The building was selected by the American Institute of Architects for the R.S. Reynolds Memorial Award in 1987. In 2012, the building received the JIA 25 Years Award from the Japan Institute of Architects. Spiral is a nexus of cultural life in Aoyama, presenting music, art, film, fashion and theater events. Fumihiko Maki defined the concept of Spiral Building as follows: “In this building I wanted to represent the chaos of the city and for that purpose I took the typical elements of modern architecture, such as cube, cone and the hemisphere and combined them in an integral way.” At first glance the building looks inspired by the architecture of Richard Meier: the color white, the use of overlapping patterns and geometric shapes, the aluminum finish panels among others and even the use of an undulating volume in the facade. Yet here the rigorous geometric and rationality of the American architect is not perceived. There is also a reference to Peter Eisenman, the deconstruction and re-composition of the design elements. But inside the building, the spatial complexity that other deconstructive works convey is also not perceived, but rather an orderly succession of spaces.
9. St. Mary Cathedral
St. Mary’s Cathedral is the seat of the Roman Catholic Archdiocese of Tokyo. It is located in the Sekiguchi neighborhood of Bunkyo, Tokyo, Japan. The layout of the building is in the form of a cross, from which eight hyperbolic parabolas open upwards to form a cross of light, which continues vertically along the length of the four facades. This Tange design inspired the later similar design of the landmark cathedral in San Francisco, also referred to as St. Mary’s Cathedral. To this rhomboid volume other secondary constructions are added, including the baptistry and the baptismal font. The rectangular shapes contrast with the symbolic character of the cathedral. The bell tower is 61.6 m (202 ft) high, standing a short distance away from the main building. The exterior cladding is made of stainless steel. In 2004 a large organ built by Italian firm Mascioni was installed
The original wooden structure, constructed in 1899 in the Gothic style, was destroyed during the air raids on Tokyo during World War II. The present church, designed by Kenzo Tange, was inaugurated in December 1964. His funeral was held there in March 2005.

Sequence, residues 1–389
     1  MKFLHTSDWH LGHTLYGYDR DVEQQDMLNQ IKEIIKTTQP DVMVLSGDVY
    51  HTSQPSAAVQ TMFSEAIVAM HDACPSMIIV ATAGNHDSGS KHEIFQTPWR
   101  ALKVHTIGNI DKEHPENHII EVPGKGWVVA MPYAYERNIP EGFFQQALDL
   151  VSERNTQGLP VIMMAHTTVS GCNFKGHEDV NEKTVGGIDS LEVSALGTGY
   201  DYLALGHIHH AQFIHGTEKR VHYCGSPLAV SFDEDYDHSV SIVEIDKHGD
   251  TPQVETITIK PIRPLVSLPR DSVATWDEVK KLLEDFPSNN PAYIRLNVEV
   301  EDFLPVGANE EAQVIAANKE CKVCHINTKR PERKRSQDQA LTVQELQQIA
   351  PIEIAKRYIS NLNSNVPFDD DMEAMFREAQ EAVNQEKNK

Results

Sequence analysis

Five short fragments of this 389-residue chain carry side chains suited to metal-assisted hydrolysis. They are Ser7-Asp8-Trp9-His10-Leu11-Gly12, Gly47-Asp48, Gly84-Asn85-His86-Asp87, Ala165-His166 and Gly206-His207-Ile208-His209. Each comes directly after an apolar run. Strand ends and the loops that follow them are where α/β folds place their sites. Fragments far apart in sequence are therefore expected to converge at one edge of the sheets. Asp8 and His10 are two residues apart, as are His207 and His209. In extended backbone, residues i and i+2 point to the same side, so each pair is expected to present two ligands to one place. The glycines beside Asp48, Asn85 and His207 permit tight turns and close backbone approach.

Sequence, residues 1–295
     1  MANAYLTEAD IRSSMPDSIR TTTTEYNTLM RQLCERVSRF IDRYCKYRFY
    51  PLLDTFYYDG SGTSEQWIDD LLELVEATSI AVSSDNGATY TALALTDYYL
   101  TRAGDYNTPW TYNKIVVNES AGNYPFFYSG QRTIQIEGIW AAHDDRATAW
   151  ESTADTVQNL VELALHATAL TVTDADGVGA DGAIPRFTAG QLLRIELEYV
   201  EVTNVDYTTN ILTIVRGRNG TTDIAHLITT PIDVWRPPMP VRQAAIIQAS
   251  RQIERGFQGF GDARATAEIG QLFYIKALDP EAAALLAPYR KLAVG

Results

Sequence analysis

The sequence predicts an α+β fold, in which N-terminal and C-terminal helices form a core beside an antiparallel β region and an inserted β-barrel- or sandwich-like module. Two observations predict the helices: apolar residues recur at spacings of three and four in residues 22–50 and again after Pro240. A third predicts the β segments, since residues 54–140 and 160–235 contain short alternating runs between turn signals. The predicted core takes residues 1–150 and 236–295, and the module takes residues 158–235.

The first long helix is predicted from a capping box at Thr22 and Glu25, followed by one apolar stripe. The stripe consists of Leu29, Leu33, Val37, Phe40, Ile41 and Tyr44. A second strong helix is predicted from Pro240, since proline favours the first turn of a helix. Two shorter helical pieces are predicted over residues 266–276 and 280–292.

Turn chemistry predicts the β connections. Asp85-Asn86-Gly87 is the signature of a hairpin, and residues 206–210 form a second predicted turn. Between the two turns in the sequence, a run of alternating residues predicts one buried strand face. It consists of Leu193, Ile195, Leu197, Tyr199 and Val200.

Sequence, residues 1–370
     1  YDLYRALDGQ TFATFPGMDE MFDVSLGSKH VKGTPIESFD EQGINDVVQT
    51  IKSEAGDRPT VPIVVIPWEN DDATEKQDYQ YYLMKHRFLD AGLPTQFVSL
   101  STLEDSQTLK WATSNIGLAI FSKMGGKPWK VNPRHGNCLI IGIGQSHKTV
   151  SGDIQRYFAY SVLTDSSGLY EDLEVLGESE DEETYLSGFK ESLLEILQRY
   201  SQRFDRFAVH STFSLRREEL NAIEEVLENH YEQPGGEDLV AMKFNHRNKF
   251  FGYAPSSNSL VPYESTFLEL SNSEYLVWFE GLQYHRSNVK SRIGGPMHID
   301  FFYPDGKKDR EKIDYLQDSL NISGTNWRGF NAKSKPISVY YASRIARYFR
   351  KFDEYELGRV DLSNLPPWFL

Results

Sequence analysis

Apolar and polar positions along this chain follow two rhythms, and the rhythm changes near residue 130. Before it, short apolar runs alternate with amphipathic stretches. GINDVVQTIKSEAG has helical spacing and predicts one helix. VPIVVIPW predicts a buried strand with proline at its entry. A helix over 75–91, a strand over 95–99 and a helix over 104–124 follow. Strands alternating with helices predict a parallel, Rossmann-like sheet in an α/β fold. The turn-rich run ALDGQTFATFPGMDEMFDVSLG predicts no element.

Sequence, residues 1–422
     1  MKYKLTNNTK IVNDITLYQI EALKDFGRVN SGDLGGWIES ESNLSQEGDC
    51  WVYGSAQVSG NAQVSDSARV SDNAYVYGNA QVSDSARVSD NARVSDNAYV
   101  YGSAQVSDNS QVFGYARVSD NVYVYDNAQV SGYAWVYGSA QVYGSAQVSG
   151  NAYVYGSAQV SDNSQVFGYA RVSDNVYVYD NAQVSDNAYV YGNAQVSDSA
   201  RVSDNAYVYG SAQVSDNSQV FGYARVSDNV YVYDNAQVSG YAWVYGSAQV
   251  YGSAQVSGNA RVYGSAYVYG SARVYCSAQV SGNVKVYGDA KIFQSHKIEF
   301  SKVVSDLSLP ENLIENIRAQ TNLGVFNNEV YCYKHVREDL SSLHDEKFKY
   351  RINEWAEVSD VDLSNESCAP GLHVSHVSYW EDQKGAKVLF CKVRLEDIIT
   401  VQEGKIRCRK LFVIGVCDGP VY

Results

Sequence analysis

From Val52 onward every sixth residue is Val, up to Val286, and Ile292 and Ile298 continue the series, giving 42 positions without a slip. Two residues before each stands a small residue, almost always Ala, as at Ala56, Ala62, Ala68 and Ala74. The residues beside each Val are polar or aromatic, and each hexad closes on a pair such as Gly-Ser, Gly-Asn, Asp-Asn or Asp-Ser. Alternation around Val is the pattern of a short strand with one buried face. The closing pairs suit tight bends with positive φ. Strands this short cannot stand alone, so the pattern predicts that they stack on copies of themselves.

10. Za Koenji Public Theatre
An impressive black volume in the middle of the city of Suginami in Tokyo, the Theatre is managed by Creative Theatre Network (CTN), a non-profit organization led by president Ren Saito. The Za-Koenji Public Theater replaces the old Koenji Hall with a space that is closed off from its surrounding context, with height restrictions informing the facets of its roof, as well as the program. Only one of the three performance spaces is on the ground floor, along with offices; the other two are below grade the basement levels, with supporting spaces for props and costume production. The theater employs separate structural systems for the exterior, and for each floor. The facade and volume of the Za Koenji Public Theatre, located in Suginami, Tokyo, Japan, are unabashedly singular and dualistic. Designed by Toyo Ito (who was recently named the 2013 Pritzker Prize Laureate) & Associates, the Theatre offers pointed summits which exist in elevation as well as on the theatre’s roof, drawing a set of circumstances where the walls blend with the irregular roof without truly doing so- there is no chamfering or blended cuts. And throughout the building’s exterior and interior, portholes give light in and out- whether artificial or natural- adding a second element that offers counterpoint to the pointed tent-arches, while softening the dominance of the lacquered black walls against their light-coloured neighbors. One detracting quality is the building’s colour and its addition to the urban heat island effect of the city.
Tokyo is home to some of the most incredible and experimental architecture in the world, in part due to its rapid growth and need for inventive solutions for housing and public spaces in such a tightly packed area of land. I hope you enjoyed learning about the history of modern architecture in Tokyo, and looking at some of the most striking buildings the city has to offer.